Vassily Aksyonov The New Sweet Style  
Vassily Aksyonov:
The New Sweet Style
The New Sweet Style (Vassily Aksyonov)

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  Three Steps

On August 10, 1982, Alexander Zakharovich Korbach set foot on American soil for the first time. As he was standing in the massive queue at passport control in the Pan Am terminal, the date kept buzzing in his head: there was some further meaning in it. It was only once he was past the checkpoint and alongside the baggage carousel that it came to him: it was his birthday! Every year on this date, he "turned" something, and just now again he had "turned" something: forty-two, was it? No, forty-three. If he had thought a year ago in the Crimea that in a year he would "celebrate" his birthday in a New York airport! August 10, 1982. Forty-three years old--head hurts from last night--an H-1 visa--fifteen hundred dollars and three thousand francs in my pocket, I don't feel anything but a "simoom of sensations."

His first encounter on American soil happened to be a pleasant, if not a liberating, one. Suddenly, his suitcase arrived, among the first ones--came leaping out of the netherworld, displaying a strange agility, not to say excessive familiarity. Looking at the suitcase, Alexander, a man with a penchant for inadequate reflections about insignificant things, thought: Why, here it is, this battered little suitcase, and it's somehow endearing. The heart of the matter, after all, as it turned out, was this: someone killed a large animal somewhere, they made a case out of the hide in Latvia, and now everything "beastly" about it has vanished, and the suitcase has been transformed into an object of nostalgia.

The case went by, collided with a Hindu bundle, and fell over on its side. The next time around Korbach snatched his belongings from among the other bags and took his place in the line for customs inspection.

Customs Officer Jim Corbett was eyeing him from atop a high stool. While it is impossible to examine all the junk coming into the USA, there does exist a system of selective checking, which the professionals have mastered. The customs specialist reads faces, gestures, any movement. The potential violator is always spotted from a long way off. For example, the balding, finely featured head. An individual difficult to put in a category. The shoulders were twitching strangely--too much, somehow. A drug smuggler doesn't give little jumps like that. Let the head and ears go by, or check him out? It's always a toss-up. "Please open your suitcase," he asked politely, and added: "sir." The individual thrusts a piece of paper at him: "Declaration! Declaration!" Doesn't even understand English! Jim Corbett makes a gesture: a sharp turn of the wrists followed by an elegantly proportioned raising of the palms. "If you don't mind, sir."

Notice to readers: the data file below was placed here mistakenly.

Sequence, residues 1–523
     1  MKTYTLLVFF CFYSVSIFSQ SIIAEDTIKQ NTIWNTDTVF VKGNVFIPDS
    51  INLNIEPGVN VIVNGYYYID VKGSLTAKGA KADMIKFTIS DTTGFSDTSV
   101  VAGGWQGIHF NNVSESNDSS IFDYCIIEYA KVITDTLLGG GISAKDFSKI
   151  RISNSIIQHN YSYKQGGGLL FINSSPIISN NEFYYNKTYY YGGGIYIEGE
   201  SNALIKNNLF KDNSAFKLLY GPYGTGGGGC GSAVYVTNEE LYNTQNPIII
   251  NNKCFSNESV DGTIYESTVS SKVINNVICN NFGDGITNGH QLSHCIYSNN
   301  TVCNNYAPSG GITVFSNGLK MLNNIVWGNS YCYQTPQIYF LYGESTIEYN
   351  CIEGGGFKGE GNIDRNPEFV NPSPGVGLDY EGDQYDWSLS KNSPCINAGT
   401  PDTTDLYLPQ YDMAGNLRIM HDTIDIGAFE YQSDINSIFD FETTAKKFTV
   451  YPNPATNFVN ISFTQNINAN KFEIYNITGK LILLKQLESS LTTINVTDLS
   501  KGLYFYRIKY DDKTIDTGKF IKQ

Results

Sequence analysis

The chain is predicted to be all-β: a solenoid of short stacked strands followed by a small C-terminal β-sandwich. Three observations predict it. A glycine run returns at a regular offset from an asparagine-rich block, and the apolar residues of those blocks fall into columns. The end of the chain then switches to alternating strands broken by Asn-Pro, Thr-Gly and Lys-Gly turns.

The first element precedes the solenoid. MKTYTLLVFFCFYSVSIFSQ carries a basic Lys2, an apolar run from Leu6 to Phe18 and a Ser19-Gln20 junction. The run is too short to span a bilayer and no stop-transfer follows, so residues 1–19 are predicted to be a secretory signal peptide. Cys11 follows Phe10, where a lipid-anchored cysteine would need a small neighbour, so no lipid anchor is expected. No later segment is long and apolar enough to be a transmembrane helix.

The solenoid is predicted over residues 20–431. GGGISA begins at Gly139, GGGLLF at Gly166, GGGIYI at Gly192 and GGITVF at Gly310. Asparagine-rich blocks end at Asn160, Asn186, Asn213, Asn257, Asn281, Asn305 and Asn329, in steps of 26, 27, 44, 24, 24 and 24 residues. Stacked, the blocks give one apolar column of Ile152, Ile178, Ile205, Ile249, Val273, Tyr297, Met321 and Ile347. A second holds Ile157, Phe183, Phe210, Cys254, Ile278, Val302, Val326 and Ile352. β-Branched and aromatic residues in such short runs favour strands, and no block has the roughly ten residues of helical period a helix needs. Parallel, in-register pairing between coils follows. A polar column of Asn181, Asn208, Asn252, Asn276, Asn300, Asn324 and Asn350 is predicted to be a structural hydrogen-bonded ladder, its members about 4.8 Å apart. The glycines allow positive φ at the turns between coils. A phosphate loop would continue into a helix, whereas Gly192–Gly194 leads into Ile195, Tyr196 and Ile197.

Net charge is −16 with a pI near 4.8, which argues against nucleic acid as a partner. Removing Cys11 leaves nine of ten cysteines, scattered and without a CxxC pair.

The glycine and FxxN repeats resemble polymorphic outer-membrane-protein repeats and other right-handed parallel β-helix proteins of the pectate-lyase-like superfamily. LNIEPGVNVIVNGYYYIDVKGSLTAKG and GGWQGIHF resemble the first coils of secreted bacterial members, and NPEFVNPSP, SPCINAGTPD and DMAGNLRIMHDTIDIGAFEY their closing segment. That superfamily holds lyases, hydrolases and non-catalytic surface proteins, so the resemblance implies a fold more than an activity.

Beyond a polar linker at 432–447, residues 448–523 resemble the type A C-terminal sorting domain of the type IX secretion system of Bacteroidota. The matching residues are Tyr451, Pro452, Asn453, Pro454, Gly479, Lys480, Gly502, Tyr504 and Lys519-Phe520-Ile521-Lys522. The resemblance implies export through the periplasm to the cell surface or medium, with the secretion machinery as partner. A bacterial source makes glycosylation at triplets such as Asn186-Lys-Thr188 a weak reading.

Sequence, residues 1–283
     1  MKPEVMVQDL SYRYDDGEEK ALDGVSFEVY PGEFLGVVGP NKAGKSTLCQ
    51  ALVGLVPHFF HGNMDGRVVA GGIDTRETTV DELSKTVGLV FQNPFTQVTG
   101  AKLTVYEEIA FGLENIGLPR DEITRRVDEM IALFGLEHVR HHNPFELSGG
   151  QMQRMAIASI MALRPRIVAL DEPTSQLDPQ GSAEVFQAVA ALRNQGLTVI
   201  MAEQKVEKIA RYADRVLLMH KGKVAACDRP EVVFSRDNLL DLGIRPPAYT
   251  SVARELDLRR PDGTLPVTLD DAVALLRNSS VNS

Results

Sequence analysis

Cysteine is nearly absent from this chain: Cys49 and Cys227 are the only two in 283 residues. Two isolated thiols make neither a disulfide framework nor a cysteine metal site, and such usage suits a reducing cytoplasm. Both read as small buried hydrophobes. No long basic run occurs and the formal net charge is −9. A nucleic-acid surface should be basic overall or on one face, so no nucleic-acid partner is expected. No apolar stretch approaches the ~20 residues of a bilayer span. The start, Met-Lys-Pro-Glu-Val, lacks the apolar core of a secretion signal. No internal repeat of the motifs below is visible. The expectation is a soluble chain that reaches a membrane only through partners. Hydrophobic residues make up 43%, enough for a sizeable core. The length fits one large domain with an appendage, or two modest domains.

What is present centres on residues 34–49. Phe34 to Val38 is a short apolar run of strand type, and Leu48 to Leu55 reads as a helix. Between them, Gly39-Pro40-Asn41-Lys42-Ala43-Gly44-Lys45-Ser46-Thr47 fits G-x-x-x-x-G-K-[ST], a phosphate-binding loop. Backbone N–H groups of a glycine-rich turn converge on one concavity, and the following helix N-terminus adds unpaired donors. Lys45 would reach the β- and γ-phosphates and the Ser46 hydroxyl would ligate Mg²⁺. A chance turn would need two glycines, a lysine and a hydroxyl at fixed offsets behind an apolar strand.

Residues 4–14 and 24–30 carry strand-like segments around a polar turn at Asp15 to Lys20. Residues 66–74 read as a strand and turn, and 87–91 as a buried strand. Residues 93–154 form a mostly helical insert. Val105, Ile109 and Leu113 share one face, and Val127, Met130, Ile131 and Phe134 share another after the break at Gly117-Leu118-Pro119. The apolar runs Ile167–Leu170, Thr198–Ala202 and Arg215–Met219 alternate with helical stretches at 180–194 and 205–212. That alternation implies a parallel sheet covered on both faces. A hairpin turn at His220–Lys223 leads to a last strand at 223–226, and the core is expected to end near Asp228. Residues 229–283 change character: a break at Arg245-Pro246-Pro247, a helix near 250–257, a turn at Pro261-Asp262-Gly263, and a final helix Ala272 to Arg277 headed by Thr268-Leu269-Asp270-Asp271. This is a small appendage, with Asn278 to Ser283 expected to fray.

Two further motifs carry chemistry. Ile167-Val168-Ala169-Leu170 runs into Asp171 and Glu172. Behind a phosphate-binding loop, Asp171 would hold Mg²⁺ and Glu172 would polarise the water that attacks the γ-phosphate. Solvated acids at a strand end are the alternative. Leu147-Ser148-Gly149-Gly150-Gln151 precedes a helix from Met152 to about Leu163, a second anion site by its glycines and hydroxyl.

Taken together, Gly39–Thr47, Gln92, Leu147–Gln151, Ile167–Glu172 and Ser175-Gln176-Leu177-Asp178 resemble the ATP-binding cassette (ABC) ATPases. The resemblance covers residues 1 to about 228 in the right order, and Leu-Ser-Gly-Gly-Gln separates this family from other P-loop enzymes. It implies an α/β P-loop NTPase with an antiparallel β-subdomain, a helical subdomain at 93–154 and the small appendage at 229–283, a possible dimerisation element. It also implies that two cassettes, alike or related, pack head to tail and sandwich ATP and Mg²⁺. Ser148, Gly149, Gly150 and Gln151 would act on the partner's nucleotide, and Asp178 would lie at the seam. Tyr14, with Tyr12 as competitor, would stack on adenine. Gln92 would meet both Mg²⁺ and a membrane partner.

There is nothing attractive, but nothing particularly repulsive either, in the suitcase. Among perspiration-stained shirts is a book in an old binding, embossed with a large gold D. Obviously no false bottom. Corbett glances in the passport: you don't get many of them, these Soviets. "Got any vodka?" the officer jokes. "Only in here," the new arrival jokes in reply, tapping himself on the forehead. Great guy--Corbett laughs to himself--it'd be nice to sit with him at Tony's.

A Russian must carry a lot of interesting stuff around inside, Corbett went on thinking for several minutes, allowing potential violators to pass without a check. A country of exceptional order, everything under control, no homosexuality--how do they manage it?

Meanwhile, Alexander Korbach was making his way in a crowd toward the entrance to a yawning tunnel, at the other end of which, in fact, the land of freedom began. A body that has just flown across an ocean might not yet be at full strength. Maybe the astral threads, all of these chakras, idas, pingalas, kundalinis, had to reassemble themselves into their natural order after having been transported at a speed so unnatural to human creatures, he mused with a melancholy chuckle. The shuffling of feet doesn't mean anything yet--it's just the movement of indistinguishable mechanisms wanting to end up in America. It takes time for old passions to rekindle.

Beyond the crowd Alexander Zakharovich could make out three steps of varying shades: the first white and of marble; the second rough, of some scorched-looking stone, purple to the point of blackness; and the third of fiery scarlet porphyry. The crowd silently flowed into the tunnel.

A second crowd, this one quietly waiting to greet the arrivals, came into view at the end of the cavern. The lights for the television cameras were already jutting out over their heads. Keep your cool, Korbach said to himself. Speak only Russian. No humiliating attempts at the local lingo. I'm sorry, gentlemen, the situation is unclear. For the moment, the theater still exists. The question of my position as artistic director is up in the air. There are creative forces in the United States with whom I feel an intellectual and stylistic kinship, and the purpose of my visit is to establish contact with them.
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Excerpted from The New Sweet Style by Vassily Aksyonov. Copyright © 1999 by Vassily Aksyonov. Excerpted by permission of Random House Trade, a division of Random House. All rights reserved. No part of this excerpt may be reproduced or reprinted without permission in writing from the publisher.

Photo credit © André Villers